Back in 2002, Homestead Village was initially accredited by the Continuing Care Accreditation Commission. That process involved an exhaustive self-study and conformance with hundreds of standards. It was Homestead Village's first accreditation by an accrediting body. The very next year. CCAC merged into CARF and the process changed dramatically. Gone was the self-study aspect of the process, replaced with hundreds of additional stringent standards with which Homestead Village had to conform. Our re-accreditation in 2007 was a challenging process.
At at time when many other retirement communities were voluntarily giving up their accreditation, Homestead Village's Board voted unanimously to continue the accreditation process. In 2010, both Carol Carter, Executive Director of Homestead Village, and Douglas Motter, President pursued the training process to become CARF surveyors. Since that time, Carol and Doug have traveled around the country and to Canada to conduct accreditation surveys in a wide variety of health care organizations. As Homestead Village prepared for its second re-accreditation, its understanding of the process and scope was enhanced greatly by the many surveys Carol and Doug had conducted over the last three years.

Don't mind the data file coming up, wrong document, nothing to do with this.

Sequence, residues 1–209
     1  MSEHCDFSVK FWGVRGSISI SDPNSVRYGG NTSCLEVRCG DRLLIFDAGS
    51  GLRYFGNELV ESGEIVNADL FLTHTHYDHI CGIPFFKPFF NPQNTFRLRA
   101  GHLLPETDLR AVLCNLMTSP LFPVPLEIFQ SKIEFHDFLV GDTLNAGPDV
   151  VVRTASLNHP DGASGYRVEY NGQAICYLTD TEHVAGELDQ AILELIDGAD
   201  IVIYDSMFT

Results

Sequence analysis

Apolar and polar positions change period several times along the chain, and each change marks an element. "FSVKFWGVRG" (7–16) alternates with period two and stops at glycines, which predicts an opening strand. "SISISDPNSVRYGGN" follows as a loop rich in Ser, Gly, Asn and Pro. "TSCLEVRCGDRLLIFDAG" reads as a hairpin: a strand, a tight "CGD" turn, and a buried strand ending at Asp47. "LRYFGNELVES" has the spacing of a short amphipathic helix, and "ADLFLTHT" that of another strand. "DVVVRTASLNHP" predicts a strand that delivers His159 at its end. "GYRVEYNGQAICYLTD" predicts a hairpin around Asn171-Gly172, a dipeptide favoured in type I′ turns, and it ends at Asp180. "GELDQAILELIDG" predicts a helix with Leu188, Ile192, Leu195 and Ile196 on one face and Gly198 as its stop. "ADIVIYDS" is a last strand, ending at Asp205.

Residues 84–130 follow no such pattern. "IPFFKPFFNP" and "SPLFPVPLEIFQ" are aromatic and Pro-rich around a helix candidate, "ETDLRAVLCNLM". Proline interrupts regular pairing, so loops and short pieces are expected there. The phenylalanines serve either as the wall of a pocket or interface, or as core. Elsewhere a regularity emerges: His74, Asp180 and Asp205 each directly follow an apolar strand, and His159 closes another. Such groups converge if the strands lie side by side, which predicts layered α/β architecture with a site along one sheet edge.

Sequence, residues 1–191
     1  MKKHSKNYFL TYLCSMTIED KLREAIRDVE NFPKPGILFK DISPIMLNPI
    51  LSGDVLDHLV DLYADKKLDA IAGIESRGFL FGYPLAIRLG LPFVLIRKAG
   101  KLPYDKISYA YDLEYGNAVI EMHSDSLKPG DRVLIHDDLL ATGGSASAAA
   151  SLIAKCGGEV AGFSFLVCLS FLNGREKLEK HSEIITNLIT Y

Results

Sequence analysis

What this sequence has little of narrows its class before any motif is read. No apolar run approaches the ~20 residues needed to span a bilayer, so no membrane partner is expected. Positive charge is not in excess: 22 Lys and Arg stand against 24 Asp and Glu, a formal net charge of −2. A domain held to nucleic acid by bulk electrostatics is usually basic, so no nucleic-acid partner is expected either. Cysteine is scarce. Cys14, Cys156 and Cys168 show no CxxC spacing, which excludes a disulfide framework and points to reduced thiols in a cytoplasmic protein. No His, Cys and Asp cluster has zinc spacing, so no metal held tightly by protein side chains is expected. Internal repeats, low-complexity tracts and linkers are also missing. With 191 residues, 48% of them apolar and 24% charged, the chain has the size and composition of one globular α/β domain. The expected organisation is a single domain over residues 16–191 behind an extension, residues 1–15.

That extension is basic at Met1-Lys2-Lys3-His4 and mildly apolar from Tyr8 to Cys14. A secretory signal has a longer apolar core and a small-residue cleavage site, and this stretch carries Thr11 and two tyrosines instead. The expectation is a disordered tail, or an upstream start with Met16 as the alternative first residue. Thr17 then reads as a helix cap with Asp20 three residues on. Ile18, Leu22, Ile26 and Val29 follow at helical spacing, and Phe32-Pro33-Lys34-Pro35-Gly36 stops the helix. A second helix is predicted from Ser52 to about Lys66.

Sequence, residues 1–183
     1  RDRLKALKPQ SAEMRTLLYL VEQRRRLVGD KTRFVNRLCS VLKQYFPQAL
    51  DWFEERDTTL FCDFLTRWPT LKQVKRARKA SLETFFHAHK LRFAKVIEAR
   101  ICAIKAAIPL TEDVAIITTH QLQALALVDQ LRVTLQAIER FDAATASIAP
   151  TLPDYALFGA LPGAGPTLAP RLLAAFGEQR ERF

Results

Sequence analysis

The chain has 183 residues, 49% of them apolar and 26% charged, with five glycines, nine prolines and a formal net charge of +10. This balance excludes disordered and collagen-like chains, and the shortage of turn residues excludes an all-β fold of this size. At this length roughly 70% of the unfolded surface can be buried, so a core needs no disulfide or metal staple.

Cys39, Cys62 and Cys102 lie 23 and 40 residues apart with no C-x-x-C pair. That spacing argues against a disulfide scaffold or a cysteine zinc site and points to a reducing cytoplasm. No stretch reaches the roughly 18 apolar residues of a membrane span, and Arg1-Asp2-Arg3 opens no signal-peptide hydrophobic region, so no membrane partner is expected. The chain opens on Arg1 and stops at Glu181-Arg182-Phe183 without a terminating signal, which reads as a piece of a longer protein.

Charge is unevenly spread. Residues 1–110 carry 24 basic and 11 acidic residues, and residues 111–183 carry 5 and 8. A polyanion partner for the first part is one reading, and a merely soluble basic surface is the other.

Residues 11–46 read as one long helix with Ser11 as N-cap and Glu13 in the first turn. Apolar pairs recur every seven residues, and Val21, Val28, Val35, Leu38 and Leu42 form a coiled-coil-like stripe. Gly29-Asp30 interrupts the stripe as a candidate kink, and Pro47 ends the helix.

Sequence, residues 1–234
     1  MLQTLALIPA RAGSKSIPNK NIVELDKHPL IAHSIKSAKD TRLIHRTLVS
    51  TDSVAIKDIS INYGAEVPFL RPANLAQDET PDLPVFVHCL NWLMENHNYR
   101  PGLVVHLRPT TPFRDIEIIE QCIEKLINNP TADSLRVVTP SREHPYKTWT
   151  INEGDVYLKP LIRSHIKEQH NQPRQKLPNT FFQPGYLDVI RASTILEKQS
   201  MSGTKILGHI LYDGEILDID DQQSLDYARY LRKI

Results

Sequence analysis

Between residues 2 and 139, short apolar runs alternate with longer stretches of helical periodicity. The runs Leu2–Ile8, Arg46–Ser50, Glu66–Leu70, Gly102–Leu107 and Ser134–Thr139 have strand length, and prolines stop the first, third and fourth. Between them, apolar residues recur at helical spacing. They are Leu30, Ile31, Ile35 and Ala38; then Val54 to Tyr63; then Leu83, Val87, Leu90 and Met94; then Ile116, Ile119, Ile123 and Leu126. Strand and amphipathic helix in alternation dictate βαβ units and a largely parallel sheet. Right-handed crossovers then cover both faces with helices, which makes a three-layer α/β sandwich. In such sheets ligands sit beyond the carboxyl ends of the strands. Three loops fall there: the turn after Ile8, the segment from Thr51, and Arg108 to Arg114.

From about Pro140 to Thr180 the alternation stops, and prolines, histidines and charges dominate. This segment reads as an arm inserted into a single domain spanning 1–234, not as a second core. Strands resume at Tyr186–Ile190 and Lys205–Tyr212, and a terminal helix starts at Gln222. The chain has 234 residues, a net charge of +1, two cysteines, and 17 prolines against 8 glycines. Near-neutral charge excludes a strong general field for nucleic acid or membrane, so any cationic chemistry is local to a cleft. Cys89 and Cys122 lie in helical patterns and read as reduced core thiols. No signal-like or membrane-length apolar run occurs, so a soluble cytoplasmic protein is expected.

Accreditation is a voluntary process involving a rigorous peer review process and demonstration to a team of surveyors during an on-site survey that the organization is conforming to CARF–CCAC’s accreditation conditions and standards. An organization that earns CARF–CCAC accreditation is commended on its quest for quality programs and services.
Accreditation is also a wonderful process that causes an organization to consider and address many standards, practices, policies and procedures that it would not focus on otherwise. The end result is an organization that is much better prepared to meet and even exceed the expectations and needs of its current and future persons served.